Allegheny Energy, FirstEnergy tout merger benefits
The town of Smithsburg is shown Friday night. The impending merger of Allegheny Energy and FirstEnergy could lead to more charitable donations for the local community as well as modest rate credits or reductions for Allegheny's customers and more backup for repairs after major outages, officials with the two utility companies said. (By Colleen McGrath. Staff Photographer)
On Tuesday, the Maryland Public Service Commission approved the merger with 20 conditions, most of which were consistent with a previous settlement agreement. That started the clock on the 30-day period the merging companies have to respond to the commission's order and left one more regulatory hurdle to clear — approval by the Pennsylvania Public Utility Commission.
The Pennsylvania commission does not have a deadline to act on a proposed settlement, but FirstEnergy spokeswoman Ellen Raines said company officials were comfortable the merger probably would be completed by the end of March.
The resulting company, FirstEnergy, will at least temporarily be the largest electric utility in the nation based on number of customers served, Raines said. The merged companies would serve more than 6 million customers from Ohio to New York.
The merger has cleared U.S. Department of Justice review and was approved by the Federal Energy Regulatory Commission, the Public Service Commission of West Virginia, the Virginia State Corporation Commission and shareholders for both companies.
Akron, Ohio-based FirstEnergy and Greensburg, Pa.-based Allegheny Energy announced the proposed merger Feb. 11, 2010.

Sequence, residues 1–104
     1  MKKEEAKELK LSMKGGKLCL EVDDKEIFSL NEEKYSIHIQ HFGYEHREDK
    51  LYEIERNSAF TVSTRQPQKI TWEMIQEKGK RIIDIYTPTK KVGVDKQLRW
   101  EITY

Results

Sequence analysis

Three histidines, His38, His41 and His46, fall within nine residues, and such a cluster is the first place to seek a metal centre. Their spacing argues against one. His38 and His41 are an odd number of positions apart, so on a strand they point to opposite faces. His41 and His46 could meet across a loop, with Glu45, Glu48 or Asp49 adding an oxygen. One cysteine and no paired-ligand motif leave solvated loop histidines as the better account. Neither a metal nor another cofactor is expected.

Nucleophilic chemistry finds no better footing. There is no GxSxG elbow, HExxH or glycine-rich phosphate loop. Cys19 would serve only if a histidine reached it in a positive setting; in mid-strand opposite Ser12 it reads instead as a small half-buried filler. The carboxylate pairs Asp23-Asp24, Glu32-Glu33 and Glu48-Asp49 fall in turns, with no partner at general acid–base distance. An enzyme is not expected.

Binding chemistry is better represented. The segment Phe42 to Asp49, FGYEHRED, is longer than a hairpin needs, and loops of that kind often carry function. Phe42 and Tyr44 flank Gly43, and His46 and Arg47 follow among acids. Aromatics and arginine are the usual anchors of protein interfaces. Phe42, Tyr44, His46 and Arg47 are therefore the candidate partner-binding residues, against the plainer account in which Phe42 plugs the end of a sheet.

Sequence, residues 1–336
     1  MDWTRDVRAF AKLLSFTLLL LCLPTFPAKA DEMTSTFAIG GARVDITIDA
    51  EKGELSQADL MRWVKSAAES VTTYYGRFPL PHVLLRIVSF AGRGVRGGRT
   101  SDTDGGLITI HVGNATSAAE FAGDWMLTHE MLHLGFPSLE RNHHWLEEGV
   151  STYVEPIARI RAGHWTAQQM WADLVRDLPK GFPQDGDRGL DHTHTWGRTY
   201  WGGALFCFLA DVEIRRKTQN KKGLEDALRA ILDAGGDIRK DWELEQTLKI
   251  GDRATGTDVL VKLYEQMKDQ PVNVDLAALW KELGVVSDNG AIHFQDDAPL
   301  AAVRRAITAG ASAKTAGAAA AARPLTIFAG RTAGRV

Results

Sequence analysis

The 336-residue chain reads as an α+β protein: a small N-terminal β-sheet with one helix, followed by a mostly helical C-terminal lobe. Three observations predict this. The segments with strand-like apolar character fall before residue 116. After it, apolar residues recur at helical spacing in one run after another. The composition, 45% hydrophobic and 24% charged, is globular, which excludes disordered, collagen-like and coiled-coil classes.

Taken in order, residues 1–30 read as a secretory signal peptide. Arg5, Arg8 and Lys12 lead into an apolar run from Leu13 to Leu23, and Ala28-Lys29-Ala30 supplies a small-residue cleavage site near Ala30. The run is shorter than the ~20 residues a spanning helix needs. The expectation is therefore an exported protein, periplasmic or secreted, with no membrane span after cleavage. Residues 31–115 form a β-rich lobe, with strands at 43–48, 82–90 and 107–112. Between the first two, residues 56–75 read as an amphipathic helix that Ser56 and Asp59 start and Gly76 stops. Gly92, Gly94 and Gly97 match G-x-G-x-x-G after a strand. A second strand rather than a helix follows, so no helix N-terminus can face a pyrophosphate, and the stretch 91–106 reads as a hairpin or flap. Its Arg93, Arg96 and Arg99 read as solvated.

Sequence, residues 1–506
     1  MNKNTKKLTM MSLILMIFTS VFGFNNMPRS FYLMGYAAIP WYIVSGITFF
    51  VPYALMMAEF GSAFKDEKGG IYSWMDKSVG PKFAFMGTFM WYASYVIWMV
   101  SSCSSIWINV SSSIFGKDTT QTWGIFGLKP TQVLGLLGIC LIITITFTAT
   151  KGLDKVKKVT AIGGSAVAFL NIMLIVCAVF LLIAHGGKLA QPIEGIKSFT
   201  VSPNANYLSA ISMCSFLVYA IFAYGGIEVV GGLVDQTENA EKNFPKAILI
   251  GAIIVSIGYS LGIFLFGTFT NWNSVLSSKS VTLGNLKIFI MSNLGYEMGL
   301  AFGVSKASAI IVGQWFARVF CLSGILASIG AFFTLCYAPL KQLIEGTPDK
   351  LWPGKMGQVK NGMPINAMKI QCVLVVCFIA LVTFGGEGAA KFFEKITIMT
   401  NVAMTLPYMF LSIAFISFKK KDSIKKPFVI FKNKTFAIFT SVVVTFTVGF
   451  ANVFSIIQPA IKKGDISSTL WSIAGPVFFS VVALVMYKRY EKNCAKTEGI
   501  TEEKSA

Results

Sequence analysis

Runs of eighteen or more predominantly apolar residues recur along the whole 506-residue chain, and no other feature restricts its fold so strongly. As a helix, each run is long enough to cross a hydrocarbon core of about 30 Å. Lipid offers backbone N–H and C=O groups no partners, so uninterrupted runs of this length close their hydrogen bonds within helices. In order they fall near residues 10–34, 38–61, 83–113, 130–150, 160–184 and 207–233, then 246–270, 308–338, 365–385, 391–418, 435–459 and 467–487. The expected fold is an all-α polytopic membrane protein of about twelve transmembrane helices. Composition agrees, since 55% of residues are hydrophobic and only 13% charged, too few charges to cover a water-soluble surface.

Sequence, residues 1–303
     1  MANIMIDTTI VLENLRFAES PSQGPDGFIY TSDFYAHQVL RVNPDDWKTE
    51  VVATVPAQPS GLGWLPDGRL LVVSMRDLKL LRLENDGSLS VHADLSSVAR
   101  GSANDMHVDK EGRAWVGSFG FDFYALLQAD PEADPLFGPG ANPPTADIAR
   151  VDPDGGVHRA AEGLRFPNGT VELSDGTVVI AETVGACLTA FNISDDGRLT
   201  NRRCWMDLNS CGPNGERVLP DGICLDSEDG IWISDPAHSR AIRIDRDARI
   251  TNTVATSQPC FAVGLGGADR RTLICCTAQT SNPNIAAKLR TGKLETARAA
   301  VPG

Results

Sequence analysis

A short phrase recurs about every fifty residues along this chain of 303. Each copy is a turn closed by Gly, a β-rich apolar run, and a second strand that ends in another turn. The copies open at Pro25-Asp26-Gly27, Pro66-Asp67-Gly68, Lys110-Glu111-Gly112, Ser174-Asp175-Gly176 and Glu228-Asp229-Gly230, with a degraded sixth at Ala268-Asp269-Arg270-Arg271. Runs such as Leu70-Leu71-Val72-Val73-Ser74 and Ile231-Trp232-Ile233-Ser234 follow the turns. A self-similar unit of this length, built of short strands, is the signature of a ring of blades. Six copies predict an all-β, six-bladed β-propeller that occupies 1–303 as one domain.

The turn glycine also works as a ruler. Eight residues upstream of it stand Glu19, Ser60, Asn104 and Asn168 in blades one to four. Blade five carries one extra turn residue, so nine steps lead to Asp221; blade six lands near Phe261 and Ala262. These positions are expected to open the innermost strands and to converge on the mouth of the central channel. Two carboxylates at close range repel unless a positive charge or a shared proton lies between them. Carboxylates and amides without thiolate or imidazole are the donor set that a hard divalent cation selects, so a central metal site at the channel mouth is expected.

While FirstEnergy will be the parent company, it will look to Allegheny's roots for company names in the Allegheny service areas. Customer bills will be issued under the Potomac Edison name in Maryland, West Penn in Pennsylvania and Mon Power, formerly Monongahela Power, in West Virginia, Allegheny officials said.
Giving somethig back
The utilities have agreed to provide rate credits or reductions of varying amounts to Allegheny's customers in Maryland, Pennsylvania and West Virginia.
The original merger proposal called for a $2.5 million rate credit for Allegheny's Maryland customers, but that amount was increased, with Maryland PSC approval, to $6.5 million.
The PSC's conditional approval calls for FirstEnergy to pay the credit, which works out to about $29 for each residential customer, in a single payment within three months of the merger's completion rather than in monthly installments over four years, as had been proposed.
In a Dec. 28, 2010, case filing, the staff of the Maryland PSC requested a minimum rate credit of $26.2 million — about $120 per customer. The Office of People's Counsel, a utility consumer advocacy office, had asked for a $54 million rate credit over five years, according to a Dec. 28 filing by the office.
In West Virginia, customers of Mon Power would receive $7.5 million in rate reductions over a two-year period. The Expanded Net Energy Cost rate charge on bills will be reduced, saving customers $2.5 million in 2012 and $5 million in 2013, according to the Public Service Commission of West Virginia's Dec. 16, 2010, order and Raines.
In Pennsylvania, West Penn Power residential customers would receive almost $11 million in customer credits during a three-year period, according to an Allegheny Energy news release about a proposed settlement with the Pennsylvania commission.
Maryland and West Virginia commission filings note that Potomac Edison and Mon Power cannot seek to recoup merger costs through rates. A proposed settlement with Pennsylvania's commission contains the same statement, Raines said.
Maryland and West Virginia's public utility commissions also set conditions to protect Allegheny jobs in their states.
For at least two years, there can be no net job losses due to "involuntary attrition" as a result of the merger, according to decisions by both commissions.
A proposed settlement with the Pennsylvania commission includes a similar stipulation as well as a five-year commitment to maintain various employment levels in Greensburg and Westmoreland County. Those employment benchmarks decrease from at least 800 jobs the first year to 600 jobs in the fourth and fifth years, according to an Allegheny Energy news release on the settlement.